Big data startup with NSA roots nets $2M

Sqrrl, a startup that grew out of the government’s super stealthy National Security Agency, has snagged $2 million in seed money to build out technology to make big data applications more secure and more palatable for use by healthcare and financial services companies.

Co-founded by CEO Oren Falkowitz, sqrrl is parlaying the Apache Accumulo project — which is in turn based on Google’s BigTable key value store. “Everyone knows big data is hot, but there are concerns around security that keep it from reaching its full potential,” Falkowitz said in an interview.

What sqrrl will be able to do is segment out a file — say an electronic health record (EHR) — into many parts which can then be locked down or left open as needed.

“An EHR might have a hundred or a thousand components and if any one of those requires an extra control, like the patient’s social security number, the current method is to control that entire record. We have fine-grained access model so you can assign different security to the patient name, to allergies, to medications, to doctors names–they can all be individually controlled,” he said.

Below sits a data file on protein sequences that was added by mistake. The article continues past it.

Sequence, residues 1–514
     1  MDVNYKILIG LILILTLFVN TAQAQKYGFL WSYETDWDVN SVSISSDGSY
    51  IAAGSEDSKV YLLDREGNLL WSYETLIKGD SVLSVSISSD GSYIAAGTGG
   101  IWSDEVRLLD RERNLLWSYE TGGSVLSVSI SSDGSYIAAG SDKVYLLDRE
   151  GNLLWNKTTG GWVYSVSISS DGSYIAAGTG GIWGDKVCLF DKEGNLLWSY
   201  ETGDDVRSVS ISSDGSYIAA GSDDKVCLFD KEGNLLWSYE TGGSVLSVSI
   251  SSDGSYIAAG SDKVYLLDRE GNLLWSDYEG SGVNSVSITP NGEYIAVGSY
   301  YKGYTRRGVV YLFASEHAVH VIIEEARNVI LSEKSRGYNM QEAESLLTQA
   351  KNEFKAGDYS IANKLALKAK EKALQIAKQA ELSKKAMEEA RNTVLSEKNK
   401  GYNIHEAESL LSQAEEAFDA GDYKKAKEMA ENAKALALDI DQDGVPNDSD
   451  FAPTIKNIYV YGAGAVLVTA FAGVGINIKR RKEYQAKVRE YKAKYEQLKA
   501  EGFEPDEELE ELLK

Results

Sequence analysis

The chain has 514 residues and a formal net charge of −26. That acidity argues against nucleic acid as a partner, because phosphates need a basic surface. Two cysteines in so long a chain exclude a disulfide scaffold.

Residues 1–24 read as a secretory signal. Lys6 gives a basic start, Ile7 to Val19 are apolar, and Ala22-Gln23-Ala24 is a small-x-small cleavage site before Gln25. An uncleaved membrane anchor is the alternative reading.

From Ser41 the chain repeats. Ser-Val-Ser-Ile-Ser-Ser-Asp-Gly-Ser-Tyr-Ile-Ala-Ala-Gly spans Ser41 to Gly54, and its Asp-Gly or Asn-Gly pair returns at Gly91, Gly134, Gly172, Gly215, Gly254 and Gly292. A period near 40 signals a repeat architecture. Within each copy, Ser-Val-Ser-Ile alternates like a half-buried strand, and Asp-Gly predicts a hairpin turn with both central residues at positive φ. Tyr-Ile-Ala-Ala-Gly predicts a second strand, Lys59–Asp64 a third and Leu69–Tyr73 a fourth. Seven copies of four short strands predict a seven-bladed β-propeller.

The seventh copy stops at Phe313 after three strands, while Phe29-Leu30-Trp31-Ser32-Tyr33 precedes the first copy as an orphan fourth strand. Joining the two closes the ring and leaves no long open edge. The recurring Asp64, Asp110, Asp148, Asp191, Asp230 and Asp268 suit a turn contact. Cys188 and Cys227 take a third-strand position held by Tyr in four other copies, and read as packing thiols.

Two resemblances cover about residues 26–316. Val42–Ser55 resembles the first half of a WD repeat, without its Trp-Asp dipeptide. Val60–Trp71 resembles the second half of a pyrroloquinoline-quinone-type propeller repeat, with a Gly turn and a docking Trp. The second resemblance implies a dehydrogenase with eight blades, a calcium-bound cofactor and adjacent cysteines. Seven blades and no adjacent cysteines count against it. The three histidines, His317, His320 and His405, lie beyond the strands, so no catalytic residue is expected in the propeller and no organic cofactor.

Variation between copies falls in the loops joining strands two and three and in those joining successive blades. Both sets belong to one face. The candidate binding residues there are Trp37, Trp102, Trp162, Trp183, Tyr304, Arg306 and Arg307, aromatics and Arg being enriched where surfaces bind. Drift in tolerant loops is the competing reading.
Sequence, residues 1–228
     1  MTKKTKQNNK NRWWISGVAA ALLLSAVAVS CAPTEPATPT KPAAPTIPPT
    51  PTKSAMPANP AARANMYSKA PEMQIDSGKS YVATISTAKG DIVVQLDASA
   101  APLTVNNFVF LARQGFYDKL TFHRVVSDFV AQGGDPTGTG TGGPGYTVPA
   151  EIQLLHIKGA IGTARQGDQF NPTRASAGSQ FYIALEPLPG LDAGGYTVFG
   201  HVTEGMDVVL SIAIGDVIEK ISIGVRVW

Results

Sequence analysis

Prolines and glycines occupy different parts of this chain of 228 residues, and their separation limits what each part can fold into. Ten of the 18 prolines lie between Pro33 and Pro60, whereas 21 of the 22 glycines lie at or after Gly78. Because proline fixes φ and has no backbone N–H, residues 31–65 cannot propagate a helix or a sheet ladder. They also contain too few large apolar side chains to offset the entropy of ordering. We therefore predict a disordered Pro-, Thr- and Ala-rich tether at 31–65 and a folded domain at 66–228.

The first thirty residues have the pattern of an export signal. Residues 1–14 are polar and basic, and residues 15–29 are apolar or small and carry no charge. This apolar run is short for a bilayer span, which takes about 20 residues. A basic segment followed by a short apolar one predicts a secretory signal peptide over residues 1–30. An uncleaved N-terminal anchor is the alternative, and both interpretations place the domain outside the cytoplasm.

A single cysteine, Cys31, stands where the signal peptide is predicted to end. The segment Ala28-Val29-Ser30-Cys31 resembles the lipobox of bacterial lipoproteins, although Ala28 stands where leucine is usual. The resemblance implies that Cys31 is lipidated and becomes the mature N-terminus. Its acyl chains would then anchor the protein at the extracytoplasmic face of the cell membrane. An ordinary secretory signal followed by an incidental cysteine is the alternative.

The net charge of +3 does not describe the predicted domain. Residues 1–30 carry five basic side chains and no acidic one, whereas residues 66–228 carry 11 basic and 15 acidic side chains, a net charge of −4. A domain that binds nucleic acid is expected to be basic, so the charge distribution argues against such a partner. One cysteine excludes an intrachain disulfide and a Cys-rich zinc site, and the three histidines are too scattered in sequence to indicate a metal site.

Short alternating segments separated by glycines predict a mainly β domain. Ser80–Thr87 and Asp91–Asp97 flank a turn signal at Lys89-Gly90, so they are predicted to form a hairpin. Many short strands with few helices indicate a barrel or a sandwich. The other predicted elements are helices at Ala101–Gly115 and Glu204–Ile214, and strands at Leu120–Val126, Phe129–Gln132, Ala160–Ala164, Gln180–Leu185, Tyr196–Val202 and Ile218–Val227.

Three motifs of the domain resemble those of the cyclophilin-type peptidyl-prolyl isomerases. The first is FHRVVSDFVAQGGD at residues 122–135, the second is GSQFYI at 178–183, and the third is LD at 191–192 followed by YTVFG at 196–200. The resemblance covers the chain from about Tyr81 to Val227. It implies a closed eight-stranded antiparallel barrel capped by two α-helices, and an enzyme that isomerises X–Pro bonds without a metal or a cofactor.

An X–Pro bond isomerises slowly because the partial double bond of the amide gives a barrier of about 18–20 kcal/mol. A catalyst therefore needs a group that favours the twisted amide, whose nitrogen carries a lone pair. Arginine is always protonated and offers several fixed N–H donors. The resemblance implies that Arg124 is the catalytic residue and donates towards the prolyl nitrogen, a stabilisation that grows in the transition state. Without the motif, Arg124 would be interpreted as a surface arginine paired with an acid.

The company has seven employees now but plans to staff up aggressively — it just moved from the Washington, D.C. area to Cambridge, Mass. to better tap into the reservoir of big data expertise in the area.

It also netted some big name advisors in its choice of investors. Chris Lynch, former CEO of Vertica, now part of HP(s hpq), is advising the company, as is Matrix Partners’ Antonio Rodriguez.

While it seems counterintuitive that the NSA would open-source technology it has fostered, there is at least one precedent. The agency, for example, developed SELinux, or Secure Enhanced Linux, a hardened version of the popular open source operating system, Falkowitz said.

Asked about the company’s unusual name, Falkowitz said the way current companies deal with sensitive data — basically hiding it away as squirrels do with acorns — is what informed the decision. “With our technology, companies resolve that problem — there’ll be no need to hide your data to make it more secure,” he said.